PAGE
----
April 20, 2021

Banking in the shade, more than 51 billion off the radar

Banking in the shade, more than 51 billion off the radar


They say that the bank expiated its sins during the worst years of the financial crisis. Not only in Spain, but worldwide. The bankruptcy of Lehman Brothers It became a symbol of the financial system back in 2008 and, since then, the regulator has endeavored to guarantee a lifeboat to this sector for when they come back badly given. Requirements of provisions, solvency ratios, surveillance of dubious assets … governments do not lose sight of even a moment the smallest stone in the shoe that can sneak. The control over banking was never like today; but not over all of it. That halo of opacity that surrounds financial markets is evident in the call «Shadow banking» («shadow banking»). And its risks increase at the same pace as its portfolio.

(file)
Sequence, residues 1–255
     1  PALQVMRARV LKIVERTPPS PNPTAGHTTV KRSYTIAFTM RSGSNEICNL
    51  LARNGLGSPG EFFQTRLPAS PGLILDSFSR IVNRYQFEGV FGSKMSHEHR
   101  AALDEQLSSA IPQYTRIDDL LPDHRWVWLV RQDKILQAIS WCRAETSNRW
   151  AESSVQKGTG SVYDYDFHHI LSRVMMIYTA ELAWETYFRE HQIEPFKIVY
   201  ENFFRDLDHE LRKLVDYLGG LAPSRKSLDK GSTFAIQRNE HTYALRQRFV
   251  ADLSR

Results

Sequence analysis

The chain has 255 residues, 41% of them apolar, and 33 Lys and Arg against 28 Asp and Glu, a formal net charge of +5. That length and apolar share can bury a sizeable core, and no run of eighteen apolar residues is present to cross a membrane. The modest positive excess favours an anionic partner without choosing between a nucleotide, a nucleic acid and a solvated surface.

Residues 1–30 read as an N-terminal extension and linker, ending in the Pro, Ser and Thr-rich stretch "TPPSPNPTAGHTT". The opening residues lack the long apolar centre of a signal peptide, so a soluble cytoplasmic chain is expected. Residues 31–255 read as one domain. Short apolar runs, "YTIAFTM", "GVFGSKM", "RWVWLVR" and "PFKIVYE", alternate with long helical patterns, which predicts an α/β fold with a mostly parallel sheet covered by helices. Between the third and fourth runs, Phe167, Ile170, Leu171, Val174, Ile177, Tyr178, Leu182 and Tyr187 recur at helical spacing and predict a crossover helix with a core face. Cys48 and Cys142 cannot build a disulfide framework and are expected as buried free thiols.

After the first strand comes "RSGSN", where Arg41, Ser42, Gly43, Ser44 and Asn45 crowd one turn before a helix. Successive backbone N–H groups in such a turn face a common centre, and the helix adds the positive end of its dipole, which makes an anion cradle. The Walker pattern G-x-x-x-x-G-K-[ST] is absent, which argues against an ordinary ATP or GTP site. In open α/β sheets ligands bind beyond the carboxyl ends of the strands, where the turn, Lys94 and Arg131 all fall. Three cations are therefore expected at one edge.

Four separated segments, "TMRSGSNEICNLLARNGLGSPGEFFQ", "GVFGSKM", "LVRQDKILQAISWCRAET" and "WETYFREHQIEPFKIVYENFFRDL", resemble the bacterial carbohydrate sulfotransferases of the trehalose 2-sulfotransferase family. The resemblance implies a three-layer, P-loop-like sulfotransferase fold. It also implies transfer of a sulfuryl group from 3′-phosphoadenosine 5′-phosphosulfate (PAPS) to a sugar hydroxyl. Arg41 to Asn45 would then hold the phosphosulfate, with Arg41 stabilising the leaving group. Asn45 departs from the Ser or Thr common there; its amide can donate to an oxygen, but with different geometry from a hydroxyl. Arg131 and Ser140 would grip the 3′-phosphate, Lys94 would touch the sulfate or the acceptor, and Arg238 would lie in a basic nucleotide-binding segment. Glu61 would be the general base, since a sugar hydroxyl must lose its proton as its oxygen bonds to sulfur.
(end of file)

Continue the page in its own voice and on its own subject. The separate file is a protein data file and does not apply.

This niche -referred technically to non-banking financial institutions but acting as such granting credit, as may be the case of certain investment funds- has been focusing the attention of supervisors for years, although control over their activity remains in place marshy. "The growing risk taking by non-bank entities makes them more interconnected and vulnerable to possible shocks in global financial markets," said the European Central Bank (ECB) in its financial stability report for November. And he warned that these deregulated financing mechanisms "have continued to reduce their liquidity reserves", as well as their most liquid assets. That is, they invest with greater aggressiveness and credit risk over the years. The reality is that, today, the "banking in the shade" plays record numbers.